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Re: References Re: What are the requirements/problems? Re: Working on New Styles for W3C Specifications

From: David Carlisle <davidc@nag.co.uk>
Date: Sat, 24 Dec 2011 17:15:26 +0000
Message-ID: <4EF608AE.50403@nag.co.uk>
To: Marcos Caceres <w3c@marcosc.com>
CC: liam@w3.org, Noah Mendelsohn <nrm@arcanedomain.com>, "Martin J." <duerst@it.aoyama.ac.jp>, Jim Melton <jim.melton@oracle.com>, Bert Bos <bert@w3.org>, Julian Reschke <julian.reschke@gmx.de>, chairs@w3.org, "spec-prod@w3.org" <spec-prod@w3.org>
On 24/12/2011 10:37, Marcos Caceres wrote:
> But for cases where it does not break backwards compatibility, then I
> should be able to have it.

There are many other reasons than backward compatibility for wanting to
refer to a versioned spec. Xpath2 (and soon 3) are to a large degree
compatible with 1, but they are also considerably larger languages and
many developers (notably browser implementations) have chosen to stay at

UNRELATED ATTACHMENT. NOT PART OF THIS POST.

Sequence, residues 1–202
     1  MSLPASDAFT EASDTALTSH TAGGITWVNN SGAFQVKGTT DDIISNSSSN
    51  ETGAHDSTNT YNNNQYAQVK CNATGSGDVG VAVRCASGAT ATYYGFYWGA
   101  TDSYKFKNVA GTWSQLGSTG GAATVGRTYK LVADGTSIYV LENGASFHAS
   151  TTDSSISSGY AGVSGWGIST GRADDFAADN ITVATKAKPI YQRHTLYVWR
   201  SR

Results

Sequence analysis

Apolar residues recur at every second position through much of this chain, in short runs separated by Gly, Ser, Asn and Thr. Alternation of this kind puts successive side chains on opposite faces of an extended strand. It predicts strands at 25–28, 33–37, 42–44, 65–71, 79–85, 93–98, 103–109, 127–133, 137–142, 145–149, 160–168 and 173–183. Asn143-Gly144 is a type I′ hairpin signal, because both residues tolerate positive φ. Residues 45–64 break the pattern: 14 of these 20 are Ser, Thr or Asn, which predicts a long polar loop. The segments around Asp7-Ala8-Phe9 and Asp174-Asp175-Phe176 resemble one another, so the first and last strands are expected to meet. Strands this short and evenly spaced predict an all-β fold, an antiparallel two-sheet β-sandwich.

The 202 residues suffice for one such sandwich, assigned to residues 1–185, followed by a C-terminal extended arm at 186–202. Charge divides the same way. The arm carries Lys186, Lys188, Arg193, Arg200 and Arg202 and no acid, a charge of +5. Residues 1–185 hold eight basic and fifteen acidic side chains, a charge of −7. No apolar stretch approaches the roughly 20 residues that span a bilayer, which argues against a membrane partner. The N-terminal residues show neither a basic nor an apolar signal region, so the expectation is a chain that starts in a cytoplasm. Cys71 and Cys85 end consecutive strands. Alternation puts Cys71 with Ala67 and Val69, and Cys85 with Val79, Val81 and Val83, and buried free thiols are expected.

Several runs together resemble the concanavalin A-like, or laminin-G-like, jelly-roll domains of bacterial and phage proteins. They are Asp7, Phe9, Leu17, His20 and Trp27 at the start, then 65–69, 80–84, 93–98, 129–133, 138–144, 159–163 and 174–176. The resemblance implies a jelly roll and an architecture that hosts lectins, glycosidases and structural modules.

version 1. It would be utterly confusing if references to xpath in DOM
API silently updated to refer to xpath3, if implementations are all at
1. This is the _normal_ case. A references section should record the
document that was referenced in making the spec, not some future
document that happens to have the same name.

Exceptions can be made if it is some general informative reference like
referencing the word "unicode" to the lasted version of the Unicode spec
in a specification that hasn't got dependencies on any particular
Unicode version. Another example is EPUB, where EPUB2 references
HTML4/XHTML1 and EPUB3 references HTML5,
It would not have been useful for EPUB to reference an HTML "living
standard" as EPUB readers don't (necessarily) move on and acquire new
features just because the html spec has been developed in intervening
years.

David
Received on Saturday, 24 December 2011 17:15:52 GMT

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